Hollywood’s obsession with remakes, reboots, and sequels may finally be catching up as domestic summer box office receipts have fallen eight percent to date over summer 2016 due to a string of big-budget flops and underperforming tentpoles from major studios this year.
The latest bit of bad box office news came last weekend, when Illumination Entertainment/Universal’s Despicable Me 3 pulled in $72.5 million over the July 4 holiday frame. While far from what could be considered a flop, the final domestic number was short of expectations in the $85 million range and well off from the $115 million opening weekend of Minions in 2015, or the $83 million debut of Despicable Me 2 in 2013.
It’s the latest disappointment in a summer filled with lackluster domestic grosses for established, big-budget franchise fare; in May, Pirates of the Caribbean: Dead Men Tell No Tales, the fifth installment in the Johnny Depp-starring franchise, opened to a weak $62 million on its way to a domestic gross to date of just $166 million. The fourth installment, 2011’s On Stranger Tides, opened to $90 million on its way to $241 million domestic, while 2009’s At World’s End launched with $114 million and maxed out at $309 million domestic.
Faring even worse was Paramount’s Transformers: The Last Knight, which debuted to $44 million in June and has earned just $105 million domestically and $329 million internationally to date, for a global total of $435 million. That is a far cry from Age of Extinction‘s $245 million domestic and $1.1 billion global haul in 2014; in fact, The Last Knight could well become the lowest global earner in the franchise since the first Transformers film pulled in $700 million in 2007.
But it wasn’t just pirates and dueling robots that failed to capture moviegoers’ attention this summer; aliens couldn’t do it (Ridley Scott’s Alien: Covenant bowed to $36M on its way $73M domestic and just $231M worldwide), and neither could a familiar fantasy tale (King Arthur: Legend of the Sword, $15M opening, $140M worldwide to date) or a Tom Cruise-ified reboot of a beloved monster franchise (The Mummy picked up $75M domestic on its way to $350 million total). Overall, this summer’s box office is off eight percent from the same period last year, according to the Hollywood Reporter.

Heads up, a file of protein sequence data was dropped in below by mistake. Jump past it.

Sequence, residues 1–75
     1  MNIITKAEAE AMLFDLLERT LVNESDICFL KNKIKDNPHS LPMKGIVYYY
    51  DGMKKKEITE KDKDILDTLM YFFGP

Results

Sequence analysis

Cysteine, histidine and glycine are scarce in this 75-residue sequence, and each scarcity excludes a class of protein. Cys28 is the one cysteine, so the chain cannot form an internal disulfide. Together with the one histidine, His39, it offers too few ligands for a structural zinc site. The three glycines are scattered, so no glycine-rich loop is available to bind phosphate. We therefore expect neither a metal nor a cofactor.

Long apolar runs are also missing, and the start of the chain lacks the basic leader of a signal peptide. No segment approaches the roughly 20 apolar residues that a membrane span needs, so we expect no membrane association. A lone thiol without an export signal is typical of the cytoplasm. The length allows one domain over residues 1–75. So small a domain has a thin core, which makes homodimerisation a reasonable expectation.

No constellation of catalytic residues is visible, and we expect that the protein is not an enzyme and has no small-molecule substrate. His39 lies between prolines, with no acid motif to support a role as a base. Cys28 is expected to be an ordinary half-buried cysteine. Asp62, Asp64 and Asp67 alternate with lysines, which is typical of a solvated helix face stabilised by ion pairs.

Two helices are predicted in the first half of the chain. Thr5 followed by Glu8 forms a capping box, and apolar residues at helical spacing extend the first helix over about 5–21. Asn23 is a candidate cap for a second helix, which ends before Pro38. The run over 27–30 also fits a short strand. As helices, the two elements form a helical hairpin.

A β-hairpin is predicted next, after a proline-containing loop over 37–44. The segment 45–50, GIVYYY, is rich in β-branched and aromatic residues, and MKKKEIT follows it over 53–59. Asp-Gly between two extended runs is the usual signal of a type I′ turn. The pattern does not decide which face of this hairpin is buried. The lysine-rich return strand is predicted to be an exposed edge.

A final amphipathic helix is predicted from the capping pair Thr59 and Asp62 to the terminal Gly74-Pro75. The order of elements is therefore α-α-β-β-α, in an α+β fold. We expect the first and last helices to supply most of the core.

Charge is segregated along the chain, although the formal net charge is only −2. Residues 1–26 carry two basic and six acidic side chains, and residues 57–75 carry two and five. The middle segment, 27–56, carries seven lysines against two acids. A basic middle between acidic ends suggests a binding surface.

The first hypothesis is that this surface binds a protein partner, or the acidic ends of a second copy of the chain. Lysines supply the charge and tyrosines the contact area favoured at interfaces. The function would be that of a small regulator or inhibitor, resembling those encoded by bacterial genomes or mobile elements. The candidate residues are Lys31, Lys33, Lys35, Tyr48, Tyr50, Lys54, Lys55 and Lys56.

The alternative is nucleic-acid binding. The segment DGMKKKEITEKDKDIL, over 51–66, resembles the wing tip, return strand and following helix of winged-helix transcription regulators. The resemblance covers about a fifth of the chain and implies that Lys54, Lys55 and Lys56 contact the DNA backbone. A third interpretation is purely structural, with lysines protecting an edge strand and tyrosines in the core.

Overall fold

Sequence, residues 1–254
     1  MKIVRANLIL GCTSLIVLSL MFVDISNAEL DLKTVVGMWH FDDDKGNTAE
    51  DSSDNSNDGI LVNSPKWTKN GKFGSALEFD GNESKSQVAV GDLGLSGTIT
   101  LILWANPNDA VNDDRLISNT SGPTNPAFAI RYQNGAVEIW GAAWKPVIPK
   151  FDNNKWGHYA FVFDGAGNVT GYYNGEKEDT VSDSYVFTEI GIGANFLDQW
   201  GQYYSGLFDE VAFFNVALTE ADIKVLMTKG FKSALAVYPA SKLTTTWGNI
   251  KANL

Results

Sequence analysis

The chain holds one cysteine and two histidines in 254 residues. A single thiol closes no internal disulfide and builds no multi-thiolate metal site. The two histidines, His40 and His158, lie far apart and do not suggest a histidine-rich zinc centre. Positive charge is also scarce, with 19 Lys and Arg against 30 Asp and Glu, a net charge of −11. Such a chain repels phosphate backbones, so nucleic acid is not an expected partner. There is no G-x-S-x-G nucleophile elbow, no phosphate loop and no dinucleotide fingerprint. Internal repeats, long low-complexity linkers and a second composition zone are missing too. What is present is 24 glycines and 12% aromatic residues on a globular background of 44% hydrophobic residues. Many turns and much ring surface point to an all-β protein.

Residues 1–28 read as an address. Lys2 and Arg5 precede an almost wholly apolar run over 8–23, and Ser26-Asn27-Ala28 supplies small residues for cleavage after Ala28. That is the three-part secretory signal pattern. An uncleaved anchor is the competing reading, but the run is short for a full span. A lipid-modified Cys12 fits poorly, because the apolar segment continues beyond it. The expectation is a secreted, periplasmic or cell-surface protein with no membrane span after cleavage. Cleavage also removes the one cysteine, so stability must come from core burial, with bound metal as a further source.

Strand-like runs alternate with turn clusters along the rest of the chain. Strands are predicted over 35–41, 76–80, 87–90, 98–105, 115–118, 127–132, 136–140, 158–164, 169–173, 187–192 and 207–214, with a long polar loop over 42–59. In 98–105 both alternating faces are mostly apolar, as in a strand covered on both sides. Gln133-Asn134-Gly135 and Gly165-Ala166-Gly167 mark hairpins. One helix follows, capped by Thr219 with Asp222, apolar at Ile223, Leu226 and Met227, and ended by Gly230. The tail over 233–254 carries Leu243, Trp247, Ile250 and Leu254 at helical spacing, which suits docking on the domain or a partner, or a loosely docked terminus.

Not helping matters were rough openings for the (decidedly lower-budgeted) Baywatch adaptation starring Dwayne Johnson and Zac Efron and the R-rated comedies Rough Night and The House, the latter of which represented one of the worst opening of Will Ferrell’s career ($9M).
comScore analyst Paul Dergarabedian told the Hollywood Reporter that taken together, this summer’s grosses are a kind-of “disruption in the box-office force.”
“Is this a signal that the era of the franchise with sequels that go beyond a second installment is coming to an unceremonious end, or is it more an issue of quality?” he told the outlet.
Two franchise films have done exceptionally well this summer; Guardians of the Galaxy Vol. 2, Marvel’s irreverent superhero ensemble film that kicked off the summer season with a $146M opening on its way to an $856M global haul, and Warner Bros.’ Wonder Woman, which has grossed $350M to date and piled on another $363M in overseas receipts.
But the best-performing movies this summer have been smaller films not based on existing franchises; Edgar Wright’s original heist thriller Baby Driver, the Tupac Shakur biopic All Eyez On Me, and the indie shark thriller 47 Meters Down.
Hollywood has a few more high-profile test cases coming down the pipeline, including Spider-Man: Homecoming and War for the Planet of the Apes, and STX Entertainment no doubt hopes to launch its own franchise with its sci-fi epic Valerian and the City of a Thousand Planets later this month. Ditto for Sony/Columbia’s Idris Elba-starring Stephen King adaptation The Dark Tower.
But the real focus will be on the smaller, original stuff coming later this summer; the Charlize Theron-starring Atomic Blonde, Steven Soderbergh’s Logan Lucky, R-rated Ryan Reynolds comedy The Hitman’s Bodyguard. If smaller films like these can prove there’s an audience out there for original concepts, Hollywood may be able to slap itself out of its franchise fatigue after all.
Follow Daniel Nussbaum on Twitter: @dznussbaum